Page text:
FDA In Brief: FDA releases test results identifying dangerous levels of heavy metals in certain kratom products
April 3, 2019
FDA Office of Media Affairs
"Over the last year, the FDA has issued numerous warnings about the serious risks associated with the use of kratom, including novel risks due to the variability in how kratom products are formulated, sold and used both recreationally and by those who are seeking to self-medicate for pain or to treat opioid withdrawal symptoms. Among these warnings are the extremely high rates of contamination of kratom products with salmonella that have resulted in numerous illnesses and recalls, leading to the agency’s first-ever mandatory recall order after a rigorous investigation. Our most recent warning was about disturbingly high levels of heavy metals found in kratom products," said FDA Commissioner Scott Gottlieb, M.D. "After FDA scientists conducted an analysis of these metals, we’ve been attempting to work with the companies whose products were found to contain high levels of heavy metals, and we’ve warned consumers of the risks associated with kratom in general. To help make sure consumers are fully informed of these risks, we’re releasing our final laboratory test results. The data from these results support our public warning about the risk of heavy metals in kratom products. Data suggest that certain substances in kratom have opioid properties and that one or more have the potential for abuse. The findings of identifying heavy metals in kratom only strengthen our public health warnings around this substance and concern for the health and safety of Americans using it."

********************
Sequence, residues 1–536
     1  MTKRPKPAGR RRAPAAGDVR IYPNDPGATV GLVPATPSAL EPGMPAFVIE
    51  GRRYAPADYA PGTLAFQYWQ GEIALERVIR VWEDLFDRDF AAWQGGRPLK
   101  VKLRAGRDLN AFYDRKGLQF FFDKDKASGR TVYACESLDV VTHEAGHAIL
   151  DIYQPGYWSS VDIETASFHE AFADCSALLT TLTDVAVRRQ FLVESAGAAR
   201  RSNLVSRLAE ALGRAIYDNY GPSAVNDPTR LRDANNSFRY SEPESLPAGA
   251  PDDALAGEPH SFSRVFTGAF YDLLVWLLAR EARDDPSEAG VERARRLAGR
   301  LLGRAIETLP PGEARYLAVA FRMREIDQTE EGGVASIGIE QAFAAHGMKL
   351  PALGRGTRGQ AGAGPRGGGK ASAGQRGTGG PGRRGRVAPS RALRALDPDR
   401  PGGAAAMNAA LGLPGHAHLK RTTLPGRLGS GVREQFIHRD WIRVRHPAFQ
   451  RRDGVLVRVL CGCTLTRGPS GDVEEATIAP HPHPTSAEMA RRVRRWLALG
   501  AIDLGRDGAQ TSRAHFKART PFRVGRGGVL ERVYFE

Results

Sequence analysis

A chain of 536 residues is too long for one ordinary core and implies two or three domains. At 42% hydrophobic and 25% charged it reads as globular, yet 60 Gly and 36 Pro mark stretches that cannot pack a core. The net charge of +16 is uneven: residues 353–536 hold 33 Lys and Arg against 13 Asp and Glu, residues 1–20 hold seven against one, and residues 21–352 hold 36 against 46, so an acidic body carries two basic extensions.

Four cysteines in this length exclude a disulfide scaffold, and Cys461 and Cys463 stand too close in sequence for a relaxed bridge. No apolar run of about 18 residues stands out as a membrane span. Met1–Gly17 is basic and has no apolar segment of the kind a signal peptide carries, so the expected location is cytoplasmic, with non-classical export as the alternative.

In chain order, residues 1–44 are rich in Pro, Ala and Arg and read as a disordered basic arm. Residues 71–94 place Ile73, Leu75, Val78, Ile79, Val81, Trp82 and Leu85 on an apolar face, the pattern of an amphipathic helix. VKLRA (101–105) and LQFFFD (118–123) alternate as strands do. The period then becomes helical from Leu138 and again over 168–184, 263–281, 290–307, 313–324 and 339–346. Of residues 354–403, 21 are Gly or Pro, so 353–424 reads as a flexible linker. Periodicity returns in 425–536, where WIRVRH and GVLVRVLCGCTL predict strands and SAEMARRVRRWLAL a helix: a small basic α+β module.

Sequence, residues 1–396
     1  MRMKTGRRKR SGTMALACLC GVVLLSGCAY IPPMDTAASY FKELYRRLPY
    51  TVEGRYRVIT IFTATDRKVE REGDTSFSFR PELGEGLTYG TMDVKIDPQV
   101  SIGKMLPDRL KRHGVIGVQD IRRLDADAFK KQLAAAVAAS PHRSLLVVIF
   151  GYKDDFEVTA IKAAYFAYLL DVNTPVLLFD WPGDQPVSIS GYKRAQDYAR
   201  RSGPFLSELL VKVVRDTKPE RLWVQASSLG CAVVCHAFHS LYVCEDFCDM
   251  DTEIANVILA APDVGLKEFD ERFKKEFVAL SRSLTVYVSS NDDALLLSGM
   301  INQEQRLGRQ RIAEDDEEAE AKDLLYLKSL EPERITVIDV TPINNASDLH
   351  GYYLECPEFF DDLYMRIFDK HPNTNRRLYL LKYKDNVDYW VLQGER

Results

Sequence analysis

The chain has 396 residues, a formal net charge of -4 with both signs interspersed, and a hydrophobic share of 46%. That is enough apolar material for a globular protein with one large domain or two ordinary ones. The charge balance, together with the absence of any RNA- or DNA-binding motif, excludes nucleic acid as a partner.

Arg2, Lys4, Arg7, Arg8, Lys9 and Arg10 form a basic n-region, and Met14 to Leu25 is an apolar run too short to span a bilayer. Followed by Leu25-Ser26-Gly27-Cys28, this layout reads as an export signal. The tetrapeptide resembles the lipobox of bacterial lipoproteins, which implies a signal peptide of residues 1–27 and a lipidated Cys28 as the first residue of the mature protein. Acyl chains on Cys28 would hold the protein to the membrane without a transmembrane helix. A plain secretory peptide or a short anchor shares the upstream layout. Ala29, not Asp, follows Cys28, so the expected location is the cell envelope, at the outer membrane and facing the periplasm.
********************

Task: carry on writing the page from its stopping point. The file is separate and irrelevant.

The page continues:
The U.S. Food and Drug Administration today released the results of laboratory testing performed by the agency of 30 kratom products from a variety of sources to determine if they contain heavy metals. The analysis found significant levels of lead and nickel at concentrations that exceed safe exposure for oral daily drug intake. The FDA first warned of the risk of heavy metals, including lead and nickel, in kratom products at levels not considered safe for human consumption in November 2018.
Based on reported kratom usage patterns, heavy kratom users may be exposed to levels of lead and nickel many times greater than the safe daily exposure. The test results show that the typical long-term kratom user could potentially develop heavy metal poisoning, which could include nervous system or kidney damage, anemia or high blood pressure and/or increased risk of certain cancers.
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The FDA, an agency within the U.S. Department of Health and Human Services, protects the public health by assuring the safety, effectiveness, and security of human and veterinary drugs, vaccines and other biological products for human use, and medical devices. The agency also is responsible for the safety and security of our nation’s food supply, cosmetics, dietary supplements, products that give off electronic radiation, and for regulating tobacco products.